Under normal circumstances, I'm not a blogger, one of those brave men and women who keep a record of all the kooky and wonderful sites they've discovered on the internet. Mostly, that's because I'm trying to foster the illusion that lanceandeskimo.com is the only site on the web. Thus our slogan, "LanceandEskimo.com: Because There are No Other Sites!" This strategy has been wildly successful, and was, I flatter myself, one of the primary causes of the dot com crash.
Today I feel like violating my usual no-blog principle, because there's a site I think you should visit. It's not the flashiest in the world, and it doesn't describe the hippest product. But it's a nice, solid, nutritious, sustaining site... and it's cholesterol-free! It's americanbean.org.
When I found the site (never mind how, but it DID NOT involve looking for porn, hardly) I was initially bored. Soon, however, that feeling gave way to ennui, and then to more boredom. But as I read further, I felt a change overcome me. By the time I had scrolled halfway down the index page, the site had reduced me, as it intended, to a state of wide-eyed bean enthusiasm. I was a bean booster. I had bean fever. I needed to know more about beans, but I needed direction. I didn't know where to look. Then inspiration struck. I was on a site about beans! I could simply prop my eyelids open (which became increasingly necessary to counter the drowsiness which numbed my senses) and bean information (or "bean-formation") would be presented to me.
The first tidbit of information that presented itself was etymological. You may be curious, as I was, where the word "bean" comes from. Apparently (and I found this as shocking as you will) it's an acronym. As the picture to the right proves, BEAN is short for "Bean Education & Awareness Network." The recursive implications were staggering, and I spent the rest of the morning staggering, and repeating the words "Bean education and awareness network education and awareness network education and awareness network" until my central processor blew up.
As soon as I was back online, I returned to the website, taking care to steer clear of the dangerous bean graphic. This time I chose to consider the nationalistic overtones of the site. The American Dry Bean Board's slogan is "America's Source for information and Recipes Using one of Mother Nature's best foods!" Why "American" bean dot com? Why does the Board provide bean information merely to this nation? Surely the Canadians, British, and other English-speaking countries could benefit from some good ol' bean propaganda.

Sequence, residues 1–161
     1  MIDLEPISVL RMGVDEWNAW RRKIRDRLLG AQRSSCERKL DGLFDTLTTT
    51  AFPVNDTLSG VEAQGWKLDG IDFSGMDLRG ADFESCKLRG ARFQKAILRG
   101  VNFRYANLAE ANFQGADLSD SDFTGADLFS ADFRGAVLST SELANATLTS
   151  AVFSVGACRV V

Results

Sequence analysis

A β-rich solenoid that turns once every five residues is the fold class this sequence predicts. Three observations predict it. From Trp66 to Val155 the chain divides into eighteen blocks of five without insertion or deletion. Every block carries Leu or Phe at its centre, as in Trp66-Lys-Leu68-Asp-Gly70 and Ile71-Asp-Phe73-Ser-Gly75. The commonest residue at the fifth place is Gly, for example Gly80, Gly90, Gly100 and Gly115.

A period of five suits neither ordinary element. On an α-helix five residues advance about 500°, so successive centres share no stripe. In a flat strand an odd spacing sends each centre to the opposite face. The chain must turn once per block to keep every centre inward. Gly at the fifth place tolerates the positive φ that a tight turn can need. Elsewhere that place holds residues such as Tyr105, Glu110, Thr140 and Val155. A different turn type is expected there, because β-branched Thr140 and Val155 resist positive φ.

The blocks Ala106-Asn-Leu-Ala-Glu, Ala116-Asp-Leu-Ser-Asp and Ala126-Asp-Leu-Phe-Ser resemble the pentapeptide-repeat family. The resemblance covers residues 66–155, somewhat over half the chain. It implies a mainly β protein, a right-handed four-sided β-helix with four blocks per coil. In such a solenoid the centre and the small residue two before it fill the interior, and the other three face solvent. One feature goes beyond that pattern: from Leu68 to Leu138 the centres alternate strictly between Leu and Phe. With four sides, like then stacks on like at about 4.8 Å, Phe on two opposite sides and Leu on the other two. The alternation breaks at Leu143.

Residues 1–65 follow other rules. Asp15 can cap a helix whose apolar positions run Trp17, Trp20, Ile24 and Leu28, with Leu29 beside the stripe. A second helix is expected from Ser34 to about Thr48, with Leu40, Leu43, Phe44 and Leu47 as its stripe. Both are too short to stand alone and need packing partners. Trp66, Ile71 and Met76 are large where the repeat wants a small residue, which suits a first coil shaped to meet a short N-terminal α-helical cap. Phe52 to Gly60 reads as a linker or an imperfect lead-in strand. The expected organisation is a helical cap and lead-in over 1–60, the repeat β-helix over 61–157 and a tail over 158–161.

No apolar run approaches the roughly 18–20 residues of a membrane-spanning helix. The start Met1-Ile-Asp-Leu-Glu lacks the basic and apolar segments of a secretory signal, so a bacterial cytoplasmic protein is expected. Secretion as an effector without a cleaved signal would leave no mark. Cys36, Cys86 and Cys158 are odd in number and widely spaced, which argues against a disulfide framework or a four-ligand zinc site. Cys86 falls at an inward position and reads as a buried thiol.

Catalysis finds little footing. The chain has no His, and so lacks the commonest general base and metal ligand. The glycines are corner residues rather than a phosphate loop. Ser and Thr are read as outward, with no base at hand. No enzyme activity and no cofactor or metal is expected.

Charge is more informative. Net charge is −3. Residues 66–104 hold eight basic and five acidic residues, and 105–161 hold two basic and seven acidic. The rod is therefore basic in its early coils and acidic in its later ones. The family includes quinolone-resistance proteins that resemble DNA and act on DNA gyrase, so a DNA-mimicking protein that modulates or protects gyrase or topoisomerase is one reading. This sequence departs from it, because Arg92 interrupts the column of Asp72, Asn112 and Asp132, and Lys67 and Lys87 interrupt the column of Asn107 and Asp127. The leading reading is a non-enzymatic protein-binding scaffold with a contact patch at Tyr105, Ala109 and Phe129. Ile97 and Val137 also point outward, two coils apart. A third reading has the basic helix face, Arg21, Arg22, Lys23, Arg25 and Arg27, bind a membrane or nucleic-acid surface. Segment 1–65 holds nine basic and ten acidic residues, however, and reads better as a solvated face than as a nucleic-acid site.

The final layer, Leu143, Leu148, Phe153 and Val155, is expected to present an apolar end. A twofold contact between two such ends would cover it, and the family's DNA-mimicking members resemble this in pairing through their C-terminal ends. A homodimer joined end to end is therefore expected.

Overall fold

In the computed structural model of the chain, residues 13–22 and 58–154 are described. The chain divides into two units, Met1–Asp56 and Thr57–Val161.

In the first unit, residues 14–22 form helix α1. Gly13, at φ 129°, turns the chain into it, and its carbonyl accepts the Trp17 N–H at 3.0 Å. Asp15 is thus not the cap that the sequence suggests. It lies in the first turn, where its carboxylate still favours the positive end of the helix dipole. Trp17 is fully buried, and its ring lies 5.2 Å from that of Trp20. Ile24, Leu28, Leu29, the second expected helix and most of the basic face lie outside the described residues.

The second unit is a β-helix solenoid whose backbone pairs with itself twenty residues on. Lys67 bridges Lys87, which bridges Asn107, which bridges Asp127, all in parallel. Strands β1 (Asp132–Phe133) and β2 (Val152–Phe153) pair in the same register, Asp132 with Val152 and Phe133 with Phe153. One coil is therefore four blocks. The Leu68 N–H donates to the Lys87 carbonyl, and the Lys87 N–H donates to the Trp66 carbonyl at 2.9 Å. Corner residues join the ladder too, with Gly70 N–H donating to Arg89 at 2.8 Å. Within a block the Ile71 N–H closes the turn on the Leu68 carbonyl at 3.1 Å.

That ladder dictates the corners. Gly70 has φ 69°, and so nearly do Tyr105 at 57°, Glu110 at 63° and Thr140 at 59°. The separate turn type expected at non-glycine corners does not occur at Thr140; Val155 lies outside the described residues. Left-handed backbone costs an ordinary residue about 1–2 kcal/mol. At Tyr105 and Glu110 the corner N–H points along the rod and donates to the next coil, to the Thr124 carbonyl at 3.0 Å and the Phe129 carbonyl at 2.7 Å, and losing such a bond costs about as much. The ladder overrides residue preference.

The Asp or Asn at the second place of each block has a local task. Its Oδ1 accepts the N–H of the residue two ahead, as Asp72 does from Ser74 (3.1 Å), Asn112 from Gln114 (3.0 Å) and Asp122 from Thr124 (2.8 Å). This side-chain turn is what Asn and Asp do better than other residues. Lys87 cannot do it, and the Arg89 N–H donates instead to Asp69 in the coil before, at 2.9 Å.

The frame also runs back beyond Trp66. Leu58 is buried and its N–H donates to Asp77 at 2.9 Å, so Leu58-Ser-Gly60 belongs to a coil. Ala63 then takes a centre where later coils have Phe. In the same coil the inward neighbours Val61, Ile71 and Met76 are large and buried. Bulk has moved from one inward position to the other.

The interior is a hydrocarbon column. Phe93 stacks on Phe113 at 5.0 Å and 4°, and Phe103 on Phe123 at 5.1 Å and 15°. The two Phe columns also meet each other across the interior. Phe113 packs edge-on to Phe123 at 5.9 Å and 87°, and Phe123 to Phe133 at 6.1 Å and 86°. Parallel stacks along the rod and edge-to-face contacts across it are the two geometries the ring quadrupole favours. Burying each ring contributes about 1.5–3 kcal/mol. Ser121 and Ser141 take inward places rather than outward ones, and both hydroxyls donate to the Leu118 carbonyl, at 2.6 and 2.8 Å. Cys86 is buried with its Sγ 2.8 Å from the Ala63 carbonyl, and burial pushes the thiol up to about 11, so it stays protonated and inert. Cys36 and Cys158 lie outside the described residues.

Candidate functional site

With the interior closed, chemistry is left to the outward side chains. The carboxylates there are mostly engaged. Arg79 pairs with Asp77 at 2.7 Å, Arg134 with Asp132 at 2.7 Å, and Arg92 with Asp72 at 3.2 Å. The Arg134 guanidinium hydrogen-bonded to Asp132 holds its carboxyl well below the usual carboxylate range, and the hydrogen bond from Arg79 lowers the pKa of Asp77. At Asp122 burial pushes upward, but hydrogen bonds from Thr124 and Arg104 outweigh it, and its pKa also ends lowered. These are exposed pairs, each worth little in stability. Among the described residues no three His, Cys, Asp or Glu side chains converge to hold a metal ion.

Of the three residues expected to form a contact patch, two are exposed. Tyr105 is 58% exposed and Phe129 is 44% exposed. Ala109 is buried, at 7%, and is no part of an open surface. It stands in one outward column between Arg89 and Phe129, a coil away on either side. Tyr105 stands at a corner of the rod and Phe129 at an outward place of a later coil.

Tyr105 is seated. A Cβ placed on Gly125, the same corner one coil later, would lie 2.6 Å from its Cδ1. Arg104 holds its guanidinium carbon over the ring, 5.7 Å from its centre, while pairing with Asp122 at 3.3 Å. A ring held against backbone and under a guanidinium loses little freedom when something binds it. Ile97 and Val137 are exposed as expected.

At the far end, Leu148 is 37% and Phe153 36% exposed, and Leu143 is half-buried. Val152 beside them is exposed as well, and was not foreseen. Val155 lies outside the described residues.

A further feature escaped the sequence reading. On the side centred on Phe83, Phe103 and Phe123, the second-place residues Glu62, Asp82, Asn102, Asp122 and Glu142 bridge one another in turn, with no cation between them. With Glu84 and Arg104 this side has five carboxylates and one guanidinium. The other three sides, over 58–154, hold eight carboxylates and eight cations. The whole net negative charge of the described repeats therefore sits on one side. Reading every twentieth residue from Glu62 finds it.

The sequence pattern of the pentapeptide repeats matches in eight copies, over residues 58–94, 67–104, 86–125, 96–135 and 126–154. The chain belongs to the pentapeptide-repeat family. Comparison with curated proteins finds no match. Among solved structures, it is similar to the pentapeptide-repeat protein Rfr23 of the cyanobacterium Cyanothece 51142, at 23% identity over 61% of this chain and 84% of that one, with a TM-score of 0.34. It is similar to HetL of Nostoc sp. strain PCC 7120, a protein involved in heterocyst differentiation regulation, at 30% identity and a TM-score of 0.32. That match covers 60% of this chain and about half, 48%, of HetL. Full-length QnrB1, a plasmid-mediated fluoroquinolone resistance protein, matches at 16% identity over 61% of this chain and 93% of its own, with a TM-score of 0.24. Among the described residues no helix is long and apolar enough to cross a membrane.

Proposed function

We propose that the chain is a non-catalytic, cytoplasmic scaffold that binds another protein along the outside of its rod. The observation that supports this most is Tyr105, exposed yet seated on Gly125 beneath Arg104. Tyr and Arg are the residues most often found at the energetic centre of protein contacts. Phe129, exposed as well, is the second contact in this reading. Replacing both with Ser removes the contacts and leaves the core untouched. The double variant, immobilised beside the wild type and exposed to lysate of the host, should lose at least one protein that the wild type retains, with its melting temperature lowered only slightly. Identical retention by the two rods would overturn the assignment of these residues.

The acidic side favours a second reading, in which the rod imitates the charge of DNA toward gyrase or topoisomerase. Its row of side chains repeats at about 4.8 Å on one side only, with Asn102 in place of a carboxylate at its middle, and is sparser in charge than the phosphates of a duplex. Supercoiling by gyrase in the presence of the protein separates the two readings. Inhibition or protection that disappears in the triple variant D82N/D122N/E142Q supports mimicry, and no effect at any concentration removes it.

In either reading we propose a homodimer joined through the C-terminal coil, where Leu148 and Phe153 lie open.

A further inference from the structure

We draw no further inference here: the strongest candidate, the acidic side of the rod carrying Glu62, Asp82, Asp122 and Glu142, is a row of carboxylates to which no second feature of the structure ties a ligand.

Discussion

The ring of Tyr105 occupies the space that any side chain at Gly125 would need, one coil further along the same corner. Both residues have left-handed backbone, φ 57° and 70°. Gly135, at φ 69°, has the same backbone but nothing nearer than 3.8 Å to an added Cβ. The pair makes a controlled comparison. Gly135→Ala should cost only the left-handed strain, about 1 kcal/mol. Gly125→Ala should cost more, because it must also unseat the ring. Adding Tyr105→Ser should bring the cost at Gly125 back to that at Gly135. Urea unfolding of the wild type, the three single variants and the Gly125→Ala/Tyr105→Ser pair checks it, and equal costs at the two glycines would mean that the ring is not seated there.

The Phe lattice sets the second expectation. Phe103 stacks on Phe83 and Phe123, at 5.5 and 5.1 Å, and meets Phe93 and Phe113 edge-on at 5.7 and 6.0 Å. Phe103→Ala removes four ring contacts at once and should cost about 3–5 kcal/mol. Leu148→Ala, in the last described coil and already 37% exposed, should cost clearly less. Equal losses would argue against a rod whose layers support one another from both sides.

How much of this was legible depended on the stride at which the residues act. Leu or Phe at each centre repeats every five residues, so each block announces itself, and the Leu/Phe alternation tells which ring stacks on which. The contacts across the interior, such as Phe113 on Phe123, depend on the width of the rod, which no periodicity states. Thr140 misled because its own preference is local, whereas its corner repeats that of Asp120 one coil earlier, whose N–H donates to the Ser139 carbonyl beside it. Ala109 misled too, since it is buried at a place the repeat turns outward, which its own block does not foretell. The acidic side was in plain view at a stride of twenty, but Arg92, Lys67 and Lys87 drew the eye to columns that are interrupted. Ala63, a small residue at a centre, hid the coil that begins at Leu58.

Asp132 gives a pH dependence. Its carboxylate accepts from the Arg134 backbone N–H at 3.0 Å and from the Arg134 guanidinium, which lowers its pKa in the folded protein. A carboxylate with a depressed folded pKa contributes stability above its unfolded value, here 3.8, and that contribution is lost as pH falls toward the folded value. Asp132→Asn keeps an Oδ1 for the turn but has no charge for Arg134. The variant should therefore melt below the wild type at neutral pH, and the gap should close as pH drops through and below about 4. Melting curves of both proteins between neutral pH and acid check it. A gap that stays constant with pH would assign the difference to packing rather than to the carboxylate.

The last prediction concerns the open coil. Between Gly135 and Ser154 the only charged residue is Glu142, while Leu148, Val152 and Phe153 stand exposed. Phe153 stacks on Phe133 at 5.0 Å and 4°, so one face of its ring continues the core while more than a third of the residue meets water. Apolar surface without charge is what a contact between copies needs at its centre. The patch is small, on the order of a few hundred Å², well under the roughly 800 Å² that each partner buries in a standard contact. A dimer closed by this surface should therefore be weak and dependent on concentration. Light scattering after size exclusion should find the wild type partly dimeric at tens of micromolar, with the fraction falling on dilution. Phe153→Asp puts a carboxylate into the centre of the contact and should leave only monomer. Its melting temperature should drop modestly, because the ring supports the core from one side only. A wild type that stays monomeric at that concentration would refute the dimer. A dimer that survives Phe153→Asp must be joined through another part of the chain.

My question was soon answered. Apparently, the Board is part of a new campaign by the American Institute for Cancer Research that "combines the latest science, great recipes, and the common sense for which Americans are renowned." As I saluted, a tear trembling on my eyelash, I berated myself for ever doubting the Board. Of course! Yankees, with their famed common sense and good old American ingenuity, are the only people who could really appreciate the Good News-- the Gospel According to Bean. The other English-speaking countries wouldn't be receptive. England is too caught up with its spaghetti on toast; Australia with its barbies, or shrimp, whichever one is food. I don't know what the Canadians eat, but it's probably not really food.
Other highlights of the site:
- The oddly-named "Colors of Beans" page, which features a quick field guide of American-grown dry beans. It includes popular bean colors like Pink, Navy, Small Red, Light Red Kidney, Great Northern, and Garbanzo. Check for the swoonworthy bean pics, perfect for using as background tiles or printing out and taping to the inside of your locker. WARNING: The headline of this page is "Be'an Smart About Beans." Read at your own risk.
- The "Members Only" section. It's password-protected! I can't get in! What's in there? Who could possibly be the members, and what sick bean-related services could they possibly be providing? Are there steamy bean sex pix and erotic beansploitation stripper streaming videos? Is it a subscription service? Because I'll gladly pay.
- You can order a BEAN Lapel pin! What better way to show your support of one of America's most precious natural resources, the bean, than with this attractive pin that almost certainly says "Bear." (Incidentally, "Bear" is an acronym for "Bear Education and Awareness Network.")
Who knew beans were so exciting? I didn't, before my 30 visits to americanbean.org, punctuated by my 29 naps. But I certainly plan to eat a lot more beans now. As the American Dry Bean Board hastens to tell us, "canned beans are so readily available at your grocery store that you'll probably ask yourself why you didn't think of this before!" Hindsight is always 20-20. I only thank my lucky stars that someone was around to kick me in my not-enough-beans-eating ass and show me the way to the eating-enough-beans utopia that is my national birthright.
God bless America, my bean-eating amigos. God bless America.